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For the majority of your viewing time the 65S8505C's pictures are up there with the best the TV world has to offer right now. But Sony's curved set also feels a little flatter during dark scenes than I might have hoped based on my experience with some of Sony's 2014 TVs.
First impressions, though, truly are dazzling.
The extra brightness Sony has been able to achieve combines with the extreme vibrancy and subtlety of the Triluminos colour technology to deliver a gorgeously dynamic but also exquisitely nuanced and expressive colour palette. It's the sort of thing that would have your eyes sighing with pleasure...if they were capable of such a thing.
The precision and range of the 65S8505C's colour performance also helps the set deliver outstanding impact from its native 4K pixel count. Detail levels from native 4K/UHD content look nothing short of incredible, especially given the large size of screen they're appearing on, maximising the return on the considerable investment you've made in the next generation of TV picture resolution.
Just as impressive, though in a different way, is how well the the 65S8505C upscales HD material to its native 4K curved screen.
The X1 processor proves superb at recognising the type of HD content being received and quickly applying the best picture settings accordingly, resulting in a stellar combination of enhanced detail and sharpness that doesn't suffer the loss of colour naturalism often seen with upscaling engines.
I would recommend, though, that you shift down the Resolution element of the upscaling engine, as this can cause some video noise using the out of the box settings.
More good news concerns the way the outstanding sharpness and detail of the 65S8505C's pictures doesn't reduce during action scenes. This is because the motion processing provided via the X1 chipset is powerful enough to reduce - even remove, if that's your wish - judder and blur without leaving the picture looking processed or affected by unwanted side effects.
Contrast and black level
With the intense brightness and colours to bounce off, it initially looks as if the 65S8505C's black colour reproduction is decent too. Certainly where a dark area appears amid a predominantly bright image the sheer verve of the bright areas creates the impression of good blackness in the dark area.
When I shifted to predominantly dark scenes, though, especially if I was also watching the TV in a dark room, it became apparent that the 65S8505C's black level performance isn't actually as good as I'd initially hoped.
For starters, there's a grey mist hanging over dark scenes that no amount of tinkering with the TV's settings can completely shift. Reducing the backlight a lot helps, but also, of course, leaves the picture looking much less bright and dynamic. Setting the TV's Advanced Contrast Enhancer can reduce the impression of greyness too, but it, too, has a nasty side effect. Namely that it turns off its backlight system during extremely dark shots before switching the lights back on when some bright content re-enters the image.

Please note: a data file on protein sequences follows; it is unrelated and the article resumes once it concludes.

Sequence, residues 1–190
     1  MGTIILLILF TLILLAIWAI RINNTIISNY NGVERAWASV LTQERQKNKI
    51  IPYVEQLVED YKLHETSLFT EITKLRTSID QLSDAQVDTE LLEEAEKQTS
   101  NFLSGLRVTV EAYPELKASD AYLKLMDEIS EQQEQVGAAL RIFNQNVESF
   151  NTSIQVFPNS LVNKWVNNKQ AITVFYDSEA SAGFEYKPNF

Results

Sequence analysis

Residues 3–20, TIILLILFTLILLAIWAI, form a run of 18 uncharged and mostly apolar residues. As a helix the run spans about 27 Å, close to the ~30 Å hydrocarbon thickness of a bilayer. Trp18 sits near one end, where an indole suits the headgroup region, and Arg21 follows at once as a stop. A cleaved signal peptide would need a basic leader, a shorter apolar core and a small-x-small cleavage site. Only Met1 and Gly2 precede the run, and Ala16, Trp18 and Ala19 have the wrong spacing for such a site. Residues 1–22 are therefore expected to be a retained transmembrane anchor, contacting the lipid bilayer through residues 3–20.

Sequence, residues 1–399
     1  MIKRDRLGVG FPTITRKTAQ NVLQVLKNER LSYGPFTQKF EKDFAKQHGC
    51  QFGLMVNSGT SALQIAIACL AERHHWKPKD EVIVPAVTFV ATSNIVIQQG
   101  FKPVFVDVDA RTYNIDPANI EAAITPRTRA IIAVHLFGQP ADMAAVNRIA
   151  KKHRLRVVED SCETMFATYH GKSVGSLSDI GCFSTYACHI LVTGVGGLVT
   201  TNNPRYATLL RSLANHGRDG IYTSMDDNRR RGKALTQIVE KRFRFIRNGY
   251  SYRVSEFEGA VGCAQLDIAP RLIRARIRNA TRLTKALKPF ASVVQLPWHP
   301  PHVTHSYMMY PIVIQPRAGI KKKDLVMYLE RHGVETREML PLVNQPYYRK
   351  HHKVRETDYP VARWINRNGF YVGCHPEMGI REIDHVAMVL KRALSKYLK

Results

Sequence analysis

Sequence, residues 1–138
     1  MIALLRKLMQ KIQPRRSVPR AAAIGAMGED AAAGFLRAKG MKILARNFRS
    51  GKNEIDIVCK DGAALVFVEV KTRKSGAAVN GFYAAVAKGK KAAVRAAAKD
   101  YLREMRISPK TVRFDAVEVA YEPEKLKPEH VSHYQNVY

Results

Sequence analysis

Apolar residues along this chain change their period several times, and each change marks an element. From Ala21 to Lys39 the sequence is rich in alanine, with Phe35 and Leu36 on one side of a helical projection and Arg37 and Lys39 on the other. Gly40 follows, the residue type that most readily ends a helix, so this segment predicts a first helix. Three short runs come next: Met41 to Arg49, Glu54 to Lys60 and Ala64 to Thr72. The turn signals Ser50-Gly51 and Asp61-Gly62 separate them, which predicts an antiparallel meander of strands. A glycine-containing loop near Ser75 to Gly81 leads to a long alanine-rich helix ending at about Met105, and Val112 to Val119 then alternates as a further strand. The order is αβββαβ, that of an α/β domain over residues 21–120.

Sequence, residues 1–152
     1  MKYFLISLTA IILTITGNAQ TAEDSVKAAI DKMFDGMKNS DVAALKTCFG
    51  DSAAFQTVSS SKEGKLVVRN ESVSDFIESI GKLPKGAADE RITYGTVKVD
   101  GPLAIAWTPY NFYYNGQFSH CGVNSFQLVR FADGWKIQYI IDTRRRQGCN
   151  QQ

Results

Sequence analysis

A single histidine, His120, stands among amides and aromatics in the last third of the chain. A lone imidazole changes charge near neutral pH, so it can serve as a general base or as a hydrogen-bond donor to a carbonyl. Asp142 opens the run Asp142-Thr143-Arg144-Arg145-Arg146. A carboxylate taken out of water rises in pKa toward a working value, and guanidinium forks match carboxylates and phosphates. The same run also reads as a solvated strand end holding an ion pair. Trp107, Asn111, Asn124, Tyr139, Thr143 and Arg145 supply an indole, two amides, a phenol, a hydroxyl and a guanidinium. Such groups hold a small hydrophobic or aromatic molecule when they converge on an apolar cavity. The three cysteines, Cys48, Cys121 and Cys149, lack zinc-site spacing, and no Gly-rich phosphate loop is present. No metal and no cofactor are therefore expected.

The moment where the backlight turns off is quite noticeable, and the moment when it flicks back on, with a perceptible flash, is REALLY noticeable. Which means, of course, it can distract you from what you're watching.
What's particularly strange about this issue is that Sony has made a point of demonstrating on previous generations of its TVs how it doesn't like the idea of shutting the backlight off, for exactly the reasons now evident on the 65S8505C.
Given that I've seen better black levels and backlight handling on older Sony TVs as well as one or two of its 2015 models (such as the brilliant 75X9405C), it seems as if the combination of higher brightness and the curved screen have forced Sony's engineers to make compromises in a key picture quality area where they've previously excelled.
Something to reflect on
One other issue with the 65S8505C worth noting is that a combination of a rather glassy finish and the curved shape can cause reflections of bright objects in the room to be distorted across more of the screen than would be the case with flat TVs.
While there's room for improvement with its backlight performance, though, the 65S8505C is easily good enough overall to deserve this section of the review to go out on a high.
The 65S8505C does a mostly excellent job of bringing the third dimension into your living room, putting its brightness, colour precision and remarkable upscaling and detailing to great use with 3D Blu-rays to create bright, vibrant, depth-rich 3D worlds that feel almost as tangible as real life.
There is occasionally some crosstalk ghosting noise, and you need to use Sony's motion processing on quite a high level to take out the extra judder that starts to creep in with 3D content.
But with the curved screen adding a touch more depth to your 3D experience, this is definitely one of those times when I'd recommend that you invest in some 3D glasses.
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John has been writing about home entertainment technology for more than two decades - an especially impressive feat considering he still claims to only be 35 years old (yeah, right). In that time he’s reviewed hundreds if not thousands of TVs, projectors and speakers, and spent frankly far too long sitting by himself in a dark room.